In today’s attack on Israeli vehicles patrolling the country’s frontier with Lebanon, Hezbollah deployed one of its most successful battlefield tactics: quick guerilla strikes using anti-tank weaponry.
During the group’s 2006 war with Israel, Hezbollah effectively used “small, hand-held, wire-guided anti-tank weapons” against Israeli tanks according to the Jamestown Institute, and were so knowledgeable about the weak points in Israel’s heavily armoured Merkava-4 tanks that a full quarter of missile strikes managed to pierce the vehicles’ thick defenses.
Anti-tank attacks were responsible for “most Israeli casualties” during the 2006 war, according to the Jamestown report. And while today’s attack using five anti-tank missiles was aimed at Israeli jeeps, which are far less armoured than the Merkava-4, it reportedly involved the use of the fourth-generation version of a Russian-made anti-tank weapon called the Korenet, a system far more advanced than anything Hezbollah had in 2006.
In 2006, Hezbollah demonstrated that the Israeli military couldn’t depend on its armour to give it a decisive advantage during future ground incursion into Lebanon. And today, Hezbollah may also have been showing off a recent, Iranian-produced variant of the Korenet.
In 2012, Iran debuted the Dehlaviyeh missile. Press TV, the Iranian clerical regime’s English-language satellite channel, produced a short package on the missile in July of 2012, boasting of its laser-guided systems and ability to strike at low-flying aerial targets.
The anchor notes that the missiles continue Iran’s post-Islamic Revolution record of producing its own high-end weaponry. Thanks to Western sanctions following the 1979 hostage crisis and stemming from the government’s documented support for terrorist groups and illict nuclear program, Iran has few foreign countries willing to sell it weapons and thus a great incentive to build a domestic arms production capability.
As a result, Iran now builds everything from light arms to ballistic missiles in-country. And it’s succeeded in reverse-engineering weapons systems like the Koronet. During the segment, Iranian defence minister Ahmed Vahidi boasts that “Iran is acknowledged by the international community and ranked among these countries because [it] has the capability to produce such missiles” as the Dehlaviyeh.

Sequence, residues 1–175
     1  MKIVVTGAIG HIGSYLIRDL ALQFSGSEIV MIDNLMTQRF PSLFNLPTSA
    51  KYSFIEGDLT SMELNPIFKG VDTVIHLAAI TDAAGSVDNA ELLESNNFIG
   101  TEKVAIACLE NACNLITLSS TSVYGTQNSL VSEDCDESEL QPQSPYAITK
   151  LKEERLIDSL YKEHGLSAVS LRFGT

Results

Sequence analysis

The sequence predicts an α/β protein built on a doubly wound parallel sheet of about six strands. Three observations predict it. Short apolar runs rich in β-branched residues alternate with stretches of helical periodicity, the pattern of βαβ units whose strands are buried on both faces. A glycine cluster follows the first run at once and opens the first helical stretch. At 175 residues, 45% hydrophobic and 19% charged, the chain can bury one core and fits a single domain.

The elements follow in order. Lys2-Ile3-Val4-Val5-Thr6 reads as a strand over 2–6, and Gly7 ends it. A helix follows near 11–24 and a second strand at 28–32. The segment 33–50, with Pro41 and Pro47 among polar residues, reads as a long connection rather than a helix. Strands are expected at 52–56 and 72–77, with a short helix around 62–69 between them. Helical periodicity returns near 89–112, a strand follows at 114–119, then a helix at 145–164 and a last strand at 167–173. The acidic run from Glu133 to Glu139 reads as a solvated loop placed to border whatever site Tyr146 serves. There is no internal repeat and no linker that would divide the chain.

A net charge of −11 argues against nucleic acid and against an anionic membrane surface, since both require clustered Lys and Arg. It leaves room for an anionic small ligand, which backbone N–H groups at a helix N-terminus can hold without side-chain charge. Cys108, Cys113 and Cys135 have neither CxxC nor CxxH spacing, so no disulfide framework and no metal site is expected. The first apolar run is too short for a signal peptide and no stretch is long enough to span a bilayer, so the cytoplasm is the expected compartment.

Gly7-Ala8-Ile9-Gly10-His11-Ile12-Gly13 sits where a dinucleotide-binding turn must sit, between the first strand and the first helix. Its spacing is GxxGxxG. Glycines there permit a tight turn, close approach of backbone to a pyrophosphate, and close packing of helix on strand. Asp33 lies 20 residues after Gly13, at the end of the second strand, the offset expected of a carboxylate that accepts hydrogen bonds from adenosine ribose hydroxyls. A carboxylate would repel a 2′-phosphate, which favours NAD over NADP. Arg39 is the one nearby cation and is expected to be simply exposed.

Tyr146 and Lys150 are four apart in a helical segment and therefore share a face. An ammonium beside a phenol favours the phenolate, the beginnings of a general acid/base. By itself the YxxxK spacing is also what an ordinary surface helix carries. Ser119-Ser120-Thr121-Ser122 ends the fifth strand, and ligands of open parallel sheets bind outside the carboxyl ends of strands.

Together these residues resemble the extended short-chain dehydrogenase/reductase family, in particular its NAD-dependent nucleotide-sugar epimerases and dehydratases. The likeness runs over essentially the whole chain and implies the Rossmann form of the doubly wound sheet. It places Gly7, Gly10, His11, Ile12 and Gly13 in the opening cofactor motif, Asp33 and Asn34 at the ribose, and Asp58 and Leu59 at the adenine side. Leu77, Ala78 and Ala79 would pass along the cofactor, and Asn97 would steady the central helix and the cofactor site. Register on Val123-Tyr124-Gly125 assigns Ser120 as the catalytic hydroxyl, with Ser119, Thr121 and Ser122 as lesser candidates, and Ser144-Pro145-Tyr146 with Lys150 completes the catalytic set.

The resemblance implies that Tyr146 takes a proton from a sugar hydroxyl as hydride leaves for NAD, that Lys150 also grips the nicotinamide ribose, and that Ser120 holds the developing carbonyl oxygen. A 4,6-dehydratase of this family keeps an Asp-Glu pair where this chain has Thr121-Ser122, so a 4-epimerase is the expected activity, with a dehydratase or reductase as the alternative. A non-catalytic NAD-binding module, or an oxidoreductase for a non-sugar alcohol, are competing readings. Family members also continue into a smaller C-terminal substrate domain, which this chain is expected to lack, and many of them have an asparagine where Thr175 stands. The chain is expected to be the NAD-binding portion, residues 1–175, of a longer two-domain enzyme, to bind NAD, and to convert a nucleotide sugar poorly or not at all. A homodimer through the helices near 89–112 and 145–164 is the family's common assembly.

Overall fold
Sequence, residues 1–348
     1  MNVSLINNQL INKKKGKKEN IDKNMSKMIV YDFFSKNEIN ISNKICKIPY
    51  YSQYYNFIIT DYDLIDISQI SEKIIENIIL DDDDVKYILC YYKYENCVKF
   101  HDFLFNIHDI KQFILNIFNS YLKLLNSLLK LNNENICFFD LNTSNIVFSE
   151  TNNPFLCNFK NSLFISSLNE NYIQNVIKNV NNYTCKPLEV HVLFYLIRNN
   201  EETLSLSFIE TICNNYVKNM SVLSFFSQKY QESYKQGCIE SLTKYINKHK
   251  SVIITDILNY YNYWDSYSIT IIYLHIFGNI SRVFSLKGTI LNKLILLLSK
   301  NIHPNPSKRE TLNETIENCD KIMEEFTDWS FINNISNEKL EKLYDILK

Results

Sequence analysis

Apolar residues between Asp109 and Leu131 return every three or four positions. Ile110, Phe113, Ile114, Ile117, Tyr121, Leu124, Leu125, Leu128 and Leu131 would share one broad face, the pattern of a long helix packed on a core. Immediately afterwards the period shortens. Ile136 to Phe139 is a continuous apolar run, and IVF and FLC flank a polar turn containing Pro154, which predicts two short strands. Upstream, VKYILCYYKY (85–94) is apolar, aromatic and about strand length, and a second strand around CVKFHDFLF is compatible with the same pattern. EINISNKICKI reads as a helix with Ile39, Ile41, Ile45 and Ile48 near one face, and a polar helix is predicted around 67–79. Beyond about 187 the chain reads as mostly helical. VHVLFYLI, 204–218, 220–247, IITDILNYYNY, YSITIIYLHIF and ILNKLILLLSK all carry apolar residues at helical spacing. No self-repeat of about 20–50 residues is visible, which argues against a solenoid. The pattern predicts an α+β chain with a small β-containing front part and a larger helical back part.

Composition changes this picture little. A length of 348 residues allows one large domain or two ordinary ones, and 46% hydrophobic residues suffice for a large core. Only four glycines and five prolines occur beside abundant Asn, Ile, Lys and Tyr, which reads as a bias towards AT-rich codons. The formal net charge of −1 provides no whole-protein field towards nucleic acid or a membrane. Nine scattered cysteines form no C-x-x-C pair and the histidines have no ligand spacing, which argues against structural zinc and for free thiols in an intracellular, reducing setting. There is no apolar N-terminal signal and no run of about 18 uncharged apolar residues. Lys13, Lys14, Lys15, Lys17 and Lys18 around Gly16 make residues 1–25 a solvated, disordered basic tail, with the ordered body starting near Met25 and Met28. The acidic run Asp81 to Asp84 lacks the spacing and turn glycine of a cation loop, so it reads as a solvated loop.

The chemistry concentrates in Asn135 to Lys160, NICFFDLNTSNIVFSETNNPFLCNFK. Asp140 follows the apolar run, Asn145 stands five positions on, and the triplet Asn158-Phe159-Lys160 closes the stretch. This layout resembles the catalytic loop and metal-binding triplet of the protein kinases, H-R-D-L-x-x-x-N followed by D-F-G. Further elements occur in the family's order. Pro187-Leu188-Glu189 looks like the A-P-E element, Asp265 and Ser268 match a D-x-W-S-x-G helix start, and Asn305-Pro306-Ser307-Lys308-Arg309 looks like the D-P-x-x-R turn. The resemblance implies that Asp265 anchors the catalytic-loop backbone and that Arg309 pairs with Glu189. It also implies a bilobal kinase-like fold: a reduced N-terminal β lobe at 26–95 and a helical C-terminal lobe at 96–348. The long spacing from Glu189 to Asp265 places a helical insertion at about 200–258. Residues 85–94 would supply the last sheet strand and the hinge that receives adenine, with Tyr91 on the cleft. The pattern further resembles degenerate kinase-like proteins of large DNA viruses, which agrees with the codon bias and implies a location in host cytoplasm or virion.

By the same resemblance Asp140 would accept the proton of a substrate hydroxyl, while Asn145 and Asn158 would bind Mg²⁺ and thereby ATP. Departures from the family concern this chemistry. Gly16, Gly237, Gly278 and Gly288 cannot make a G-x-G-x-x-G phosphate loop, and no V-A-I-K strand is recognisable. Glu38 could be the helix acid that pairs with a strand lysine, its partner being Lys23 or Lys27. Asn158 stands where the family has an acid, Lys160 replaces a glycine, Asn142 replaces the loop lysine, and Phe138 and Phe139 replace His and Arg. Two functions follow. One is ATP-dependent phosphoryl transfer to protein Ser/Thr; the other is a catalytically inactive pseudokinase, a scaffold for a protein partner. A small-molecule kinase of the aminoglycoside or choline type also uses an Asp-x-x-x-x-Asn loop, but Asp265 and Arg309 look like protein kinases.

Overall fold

And he goes on to discuss the missiles solely in terms of a possible Israeli attack. “The Zionist regime feels weak and out of place bringing up rumours of attacking Iran,” Vahidi says. “But it will never be able to withstand the strength and power of the Islamic Republic of Iran and its advanced military defence and artillery systems.”
Anti-tank weaponry is only useful in the event of a mechanised ground operation, something that Israel could never pull off on Iranian territory — but has launched in both Lebanon and the Gaza Strip during the past decade, places that are both home to Iranian-armed militia groups.
If the Dehlaviyeh was developed with Israeli armour in mind, it stands to reason that it wasn’t primarily intended for battlefield use by Iran’s uniformed armed forces.
The Dehlaviyeh’s actual capabilities haven’t been proven on the battlefield yet. Iran has a history of over-hyping its weapons advances, most notoriously with the stealth fighter mock-up that Iran attempted to debut as a finished plane in February of 2013.
But Iranian troops test-fired the Dehlaviyeh during maneuvers inside Iran in recent weeks. Regime media released photos of the missile being fired during exercises in southern Iran which took during the first half of December.
Whether the Dehlaviyeh has the high level of operability that PressTV boasted of two years earlier is unclear. But if today’s attack does turn out to have involved a Dehlaviyeh rather than a Russian Korenet, it means that Hezbollah can supplement its most effective battlefield tactic with an even more advanced anti-tank system.
This may end up dictating Israel’s options in how it will respond to Hezbollah’s attack. The Dehlaviyeh potentially raises the cost of a ground incursion. Even if it wasn’t used in today’s attacks, Iran has been ferrying weaponry to the Assad regime and its allies during the country’s civil war. And at least some of it has ended up in Hezbollah’s hands.
The Israelis have plenty of reasons not to want to chase Hezbollah into Lebanon at this particular moment. Such a move could play into the plans of Iran and the Assad regime — the real power behind Hezbollah and Israel’s most militarily threatening enemy. An incursion could damage Israel’s already tenuous international standing. It could also mean Israel’s ground war in 5 months, something the country does not want.
Hezbollah’s advanced anti-tank capabilities and weaponry compared to the last major round of fighting will play into Israel’s calculations as well, as the country’s leaders formulate a response to the worst escalation on its border with Lebanon in over 8 years.
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